Be that as it may, I am who I am. I think Christianity should, and indeed needs to be criticized. The difference is that I’m now going to try to make my posts more of an invitation for respectful discussion.

If my blogging has taught me anything, however, it’s that no matter how tame or respectful my criticisms of religion are, there will always be someone that takes offense. As Dan Dennett observed some time ago, it seems there is no “nice” way to ask, “Have you ever considered the possibility that these beliefs you hold so dear, are based on a complete lie?”

Yet, this is an important question. It is the question. And it must be answered. And these “sacred” beliefs must be poked, and prodded, and examined, and there are always going to be people that don’t like having their worldview disrupted by scrutiny. To these people, I say… tough. Religion has been getting a free ride for far too long, and if no one else is going to stand up to the people that threaten to take away my right to live free of other people’s dogma, then it’s got to be me. If you don’t like it, then avert your eyes.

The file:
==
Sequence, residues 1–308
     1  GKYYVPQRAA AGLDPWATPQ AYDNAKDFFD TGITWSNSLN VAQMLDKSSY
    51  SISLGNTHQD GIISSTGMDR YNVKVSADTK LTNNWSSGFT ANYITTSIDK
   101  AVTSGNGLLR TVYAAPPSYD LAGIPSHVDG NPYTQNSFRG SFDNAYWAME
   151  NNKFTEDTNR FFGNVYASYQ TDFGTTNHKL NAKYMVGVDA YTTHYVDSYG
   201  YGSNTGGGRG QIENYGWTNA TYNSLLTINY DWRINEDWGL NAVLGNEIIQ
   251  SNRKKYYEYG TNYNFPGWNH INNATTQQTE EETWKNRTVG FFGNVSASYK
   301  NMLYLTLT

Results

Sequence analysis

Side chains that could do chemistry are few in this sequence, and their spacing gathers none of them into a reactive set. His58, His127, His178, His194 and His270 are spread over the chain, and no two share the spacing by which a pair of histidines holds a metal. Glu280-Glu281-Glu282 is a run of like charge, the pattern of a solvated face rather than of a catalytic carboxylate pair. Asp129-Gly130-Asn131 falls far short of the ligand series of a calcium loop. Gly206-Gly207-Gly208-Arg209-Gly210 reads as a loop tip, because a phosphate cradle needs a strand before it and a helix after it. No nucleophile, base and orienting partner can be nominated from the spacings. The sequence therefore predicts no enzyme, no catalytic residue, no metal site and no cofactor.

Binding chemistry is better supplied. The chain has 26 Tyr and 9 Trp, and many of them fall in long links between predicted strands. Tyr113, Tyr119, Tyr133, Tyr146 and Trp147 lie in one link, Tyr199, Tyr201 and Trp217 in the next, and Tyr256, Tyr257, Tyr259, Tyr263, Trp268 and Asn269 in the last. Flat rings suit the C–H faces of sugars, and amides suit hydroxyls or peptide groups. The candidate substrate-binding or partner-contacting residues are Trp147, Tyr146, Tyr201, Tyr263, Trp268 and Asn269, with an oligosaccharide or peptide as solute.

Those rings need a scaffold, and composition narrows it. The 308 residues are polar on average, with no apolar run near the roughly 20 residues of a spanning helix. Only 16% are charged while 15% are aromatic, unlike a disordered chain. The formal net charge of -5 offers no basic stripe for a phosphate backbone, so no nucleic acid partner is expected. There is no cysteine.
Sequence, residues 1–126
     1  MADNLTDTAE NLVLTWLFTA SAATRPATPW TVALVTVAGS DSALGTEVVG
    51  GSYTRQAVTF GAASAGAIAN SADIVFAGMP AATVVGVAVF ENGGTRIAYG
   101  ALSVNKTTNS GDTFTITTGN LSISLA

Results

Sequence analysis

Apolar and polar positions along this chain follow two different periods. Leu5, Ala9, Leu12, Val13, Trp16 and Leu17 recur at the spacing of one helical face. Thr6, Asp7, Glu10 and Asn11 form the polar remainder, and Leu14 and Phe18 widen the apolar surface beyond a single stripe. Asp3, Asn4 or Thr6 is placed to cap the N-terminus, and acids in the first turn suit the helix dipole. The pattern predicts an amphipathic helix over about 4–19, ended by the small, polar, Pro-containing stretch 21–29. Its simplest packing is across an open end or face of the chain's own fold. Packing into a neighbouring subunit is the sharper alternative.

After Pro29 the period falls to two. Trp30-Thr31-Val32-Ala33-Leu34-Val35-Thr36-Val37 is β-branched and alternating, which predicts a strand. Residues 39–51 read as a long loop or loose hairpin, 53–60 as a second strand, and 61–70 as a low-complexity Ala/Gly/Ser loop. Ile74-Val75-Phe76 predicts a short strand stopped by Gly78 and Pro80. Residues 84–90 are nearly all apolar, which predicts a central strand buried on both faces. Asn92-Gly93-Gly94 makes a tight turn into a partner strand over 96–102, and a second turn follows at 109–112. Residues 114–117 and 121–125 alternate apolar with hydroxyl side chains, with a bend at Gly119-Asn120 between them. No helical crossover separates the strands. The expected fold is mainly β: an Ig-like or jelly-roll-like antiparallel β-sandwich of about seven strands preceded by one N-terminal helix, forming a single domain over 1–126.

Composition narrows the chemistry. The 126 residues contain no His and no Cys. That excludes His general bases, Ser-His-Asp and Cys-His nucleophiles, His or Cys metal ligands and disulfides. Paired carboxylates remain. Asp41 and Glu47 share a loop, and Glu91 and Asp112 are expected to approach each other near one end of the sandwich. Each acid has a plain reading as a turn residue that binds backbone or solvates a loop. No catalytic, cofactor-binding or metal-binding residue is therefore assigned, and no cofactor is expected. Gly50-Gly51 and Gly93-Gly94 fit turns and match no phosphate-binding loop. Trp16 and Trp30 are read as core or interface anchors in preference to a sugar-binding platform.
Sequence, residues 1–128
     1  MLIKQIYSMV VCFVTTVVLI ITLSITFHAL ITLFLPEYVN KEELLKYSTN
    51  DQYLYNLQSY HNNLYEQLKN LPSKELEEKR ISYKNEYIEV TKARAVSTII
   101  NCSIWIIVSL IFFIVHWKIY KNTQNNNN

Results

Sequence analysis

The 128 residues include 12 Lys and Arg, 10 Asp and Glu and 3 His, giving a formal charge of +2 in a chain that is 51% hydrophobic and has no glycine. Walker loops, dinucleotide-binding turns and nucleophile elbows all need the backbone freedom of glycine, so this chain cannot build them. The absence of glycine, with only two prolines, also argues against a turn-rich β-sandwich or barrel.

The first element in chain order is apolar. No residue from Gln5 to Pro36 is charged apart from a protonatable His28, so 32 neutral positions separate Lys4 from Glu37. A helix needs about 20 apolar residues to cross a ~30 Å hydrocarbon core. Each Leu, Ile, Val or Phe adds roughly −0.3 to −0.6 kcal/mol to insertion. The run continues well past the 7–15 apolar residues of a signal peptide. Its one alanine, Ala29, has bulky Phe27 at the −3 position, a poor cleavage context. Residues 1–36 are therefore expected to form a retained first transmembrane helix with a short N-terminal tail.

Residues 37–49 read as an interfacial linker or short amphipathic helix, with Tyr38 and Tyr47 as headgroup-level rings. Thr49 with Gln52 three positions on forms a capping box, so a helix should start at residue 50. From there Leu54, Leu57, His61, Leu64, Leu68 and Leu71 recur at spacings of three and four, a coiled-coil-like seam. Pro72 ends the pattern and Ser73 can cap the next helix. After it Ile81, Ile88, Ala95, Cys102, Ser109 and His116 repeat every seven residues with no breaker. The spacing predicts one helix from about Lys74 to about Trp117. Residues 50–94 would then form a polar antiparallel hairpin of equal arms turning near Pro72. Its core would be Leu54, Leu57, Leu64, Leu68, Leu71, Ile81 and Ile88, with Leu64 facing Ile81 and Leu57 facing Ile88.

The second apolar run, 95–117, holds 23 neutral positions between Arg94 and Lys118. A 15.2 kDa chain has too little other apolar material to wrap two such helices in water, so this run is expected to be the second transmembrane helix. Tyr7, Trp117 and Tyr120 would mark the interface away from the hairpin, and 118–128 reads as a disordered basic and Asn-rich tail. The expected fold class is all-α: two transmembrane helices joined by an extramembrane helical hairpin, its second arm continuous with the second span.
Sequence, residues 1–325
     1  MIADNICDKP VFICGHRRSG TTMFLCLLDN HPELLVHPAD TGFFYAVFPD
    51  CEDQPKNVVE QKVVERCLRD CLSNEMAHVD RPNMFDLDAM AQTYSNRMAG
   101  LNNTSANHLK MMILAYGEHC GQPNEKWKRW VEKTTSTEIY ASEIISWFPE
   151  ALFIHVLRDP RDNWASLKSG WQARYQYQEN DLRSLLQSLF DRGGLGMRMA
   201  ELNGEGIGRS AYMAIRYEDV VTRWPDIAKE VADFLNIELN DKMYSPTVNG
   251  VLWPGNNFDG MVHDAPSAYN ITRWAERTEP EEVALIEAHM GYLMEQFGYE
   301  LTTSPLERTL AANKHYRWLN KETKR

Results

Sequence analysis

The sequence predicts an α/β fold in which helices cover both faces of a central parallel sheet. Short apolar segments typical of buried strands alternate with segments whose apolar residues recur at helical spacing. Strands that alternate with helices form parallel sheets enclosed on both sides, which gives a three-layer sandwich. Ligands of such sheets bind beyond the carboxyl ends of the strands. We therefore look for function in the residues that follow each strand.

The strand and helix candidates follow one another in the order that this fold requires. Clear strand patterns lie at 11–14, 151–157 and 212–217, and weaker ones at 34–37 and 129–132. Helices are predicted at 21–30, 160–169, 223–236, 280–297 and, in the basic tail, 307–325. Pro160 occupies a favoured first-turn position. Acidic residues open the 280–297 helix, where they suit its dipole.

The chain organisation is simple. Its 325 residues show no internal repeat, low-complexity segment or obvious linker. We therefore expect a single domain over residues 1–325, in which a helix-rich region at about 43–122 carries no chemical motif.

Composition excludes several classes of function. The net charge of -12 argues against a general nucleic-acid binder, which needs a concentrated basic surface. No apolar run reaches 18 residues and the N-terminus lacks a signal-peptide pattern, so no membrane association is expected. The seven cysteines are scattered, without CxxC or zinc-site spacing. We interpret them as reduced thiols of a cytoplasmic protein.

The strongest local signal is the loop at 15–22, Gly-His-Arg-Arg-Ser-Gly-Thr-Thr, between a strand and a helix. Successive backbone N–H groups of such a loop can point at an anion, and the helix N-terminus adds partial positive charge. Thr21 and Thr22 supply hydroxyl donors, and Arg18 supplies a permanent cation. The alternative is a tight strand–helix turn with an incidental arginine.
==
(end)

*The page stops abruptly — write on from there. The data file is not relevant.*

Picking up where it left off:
To the rest of you, I expect you to hold me accountable. If you think my logic is flawed, say so. If you think I made an error, point it out. Because I put in a lot of time and energy to make sure my arguments are solid and your silence helps no one, religious and non-religious alike. But if you are going to say something, do your homework. Learn your logical fallacies. Avoid special pleading. And expect the things you say to be scrutinized as well.

Aside from that, nothing has changed. I still place all gods in the same epistemological category as fairies, ghosts, heaven, hell, astrology, Santa Claus, spirits, demons, leprechauns, Teletubbies, elves, goblins, centaurs, Bigfoot, the Loch Ness monster, chi, angels, the lost city of Atlantis, the devil, wookies, body thetans, the Tooth Fairy, and Harry Potter. Which is to say, I do not and will not believe in any of these things, until someone (as in, a real, live human being) can show me good evidence that any one of them exists.

Acutally, Harry Potter might be real. Disregard that one.

Until then, I will remain a happy-go-lucky atheist and skeptic. A lover of science, reason, and Star Wars. And I’ll post some random thoughts here-and-there, whenever I feel led to mention or examine a particular event, person, or belief.

That is all.